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Review

Cystic Fibrosis Transmembrane Conductance Regulator (CFTR) Ubiquitylation as a Novel Pharmaceutical Target for Cystic Fibrosis

Department of Biomedical Chemistry, School of Science and Technology, Kwansei Gakuin University, 2-1 Gakuen, Sanda, Hyogo 669-1337, Japan
*
Author to whom correspondence should be addressed.
Pharmaceuticals 2020, 13(4), 75; https://doi.org/10.3390/ph13040075
Received: 3 March 2020 / Revised: 20 April 2020 / Accepted: 20 April 2020 / Published: 22 April 2020
(This article belongs to the Special Issue Targeted Protein Degradation: From Chemical Biology to Drug Discovery)

Abstract

:
Mutations in the cystic fibrosis transmembrane conductance regulator (CFTR) gene decrease the structural stability and function of the CFTR protein, resulting in cystic fibrosis. Recently, the effect of CFTR-targeting combination therapy has dramatically increased, and it is expected that add-on drugs that modulate the CFTR surrounding environment will further enhance their effectiveness. Various interacting proteins have been implicated in the structural stability of CFTR and, among them, molecules involved in CFTR ubiquitylation are promising therapeutic targets as regulators of CFTR degradation. This review focuses on the ubiquitylation mechanism that contributes to the stability of mutant CFTR at the endoplasmic reticulum (ER) and post-ER compartments and discusses the possibility as a pharmacological target for cystic fibrosis (CF).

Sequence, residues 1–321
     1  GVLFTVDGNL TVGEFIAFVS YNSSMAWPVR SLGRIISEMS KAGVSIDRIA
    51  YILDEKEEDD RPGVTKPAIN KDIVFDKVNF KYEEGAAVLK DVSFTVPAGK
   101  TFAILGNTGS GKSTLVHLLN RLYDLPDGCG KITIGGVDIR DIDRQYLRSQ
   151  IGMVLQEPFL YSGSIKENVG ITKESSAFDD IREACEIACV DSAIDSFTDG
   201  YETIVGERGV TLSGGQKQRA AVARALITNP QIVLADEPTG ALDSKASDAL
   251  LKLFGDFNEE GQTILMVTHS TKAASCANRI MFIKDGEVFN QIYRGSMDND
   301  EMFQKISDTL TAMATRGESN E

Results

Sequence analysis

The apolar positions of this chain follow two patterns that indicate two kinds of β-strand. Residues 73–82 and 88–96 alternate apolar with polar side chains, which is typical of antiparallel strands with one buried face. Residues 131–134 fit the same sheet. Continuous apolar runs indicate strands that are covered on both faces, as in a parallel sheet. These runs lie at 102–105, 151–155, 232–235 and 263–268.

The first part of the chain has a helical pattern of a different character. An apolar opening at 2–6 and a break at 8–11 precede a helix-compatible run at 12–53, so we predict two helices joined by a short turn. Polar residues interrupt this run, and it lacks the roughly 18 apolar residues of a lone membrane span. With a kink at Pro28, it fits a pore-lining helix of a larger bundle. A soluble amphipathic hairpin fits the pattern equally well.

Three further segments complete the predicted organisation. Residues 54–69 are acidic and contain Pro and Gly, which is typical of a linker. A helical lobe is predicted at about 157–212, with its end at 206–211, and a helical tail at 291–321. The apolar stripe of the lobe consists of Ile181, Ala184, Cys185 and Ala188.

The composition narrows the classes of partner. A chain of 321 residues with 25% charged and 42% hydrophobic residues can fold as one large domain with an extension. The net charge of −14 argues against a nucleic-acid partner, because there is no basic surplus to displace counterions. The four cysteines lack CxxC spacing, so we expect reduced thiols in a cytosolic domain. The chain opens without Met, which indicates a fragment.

1. Introduction

Cystic Fibrosis (CF) is a lethal recessive disease caused by loss-of-function mutations in the CFTR (cystic fibrosis transmembrane conductance regulator). CF frequently occurs among Caucasians (about 1 in 3500), and the number of patients is more than 90,000 world-wide (US: approximately 30,000, Europe: approximately 48,000) [1]. CF patients present with progressive disease throughout the body, including in the respiratory tract, digestive tract, and exocrine organs (pancreas, testis, sweat glands, etc.). Shortly after birth, meconium ileus is caused by decreased intestinal lumen water volume and decreased secretion of digestive enzymes from the pancreas due to chronic pancreatitis. Found in the respiratory tract, bacterial infections such as Pseudomonas aeruginosa persist because airway clearance decreases due to an increase in the consistency of airway mucus. Chronic inflammation due to the infection promotes airway remodeling and fibrosis, gradually reducing respiratory function and leading to fatal respiratory failure. The life expectancy of CF patients has been prolonged due to the development of symptomatic treatments such as antibiotics, pancreatic digestive enzymes, expectorants, and anti-inflammatory drugs, but the median life expectancy is still about 40 years.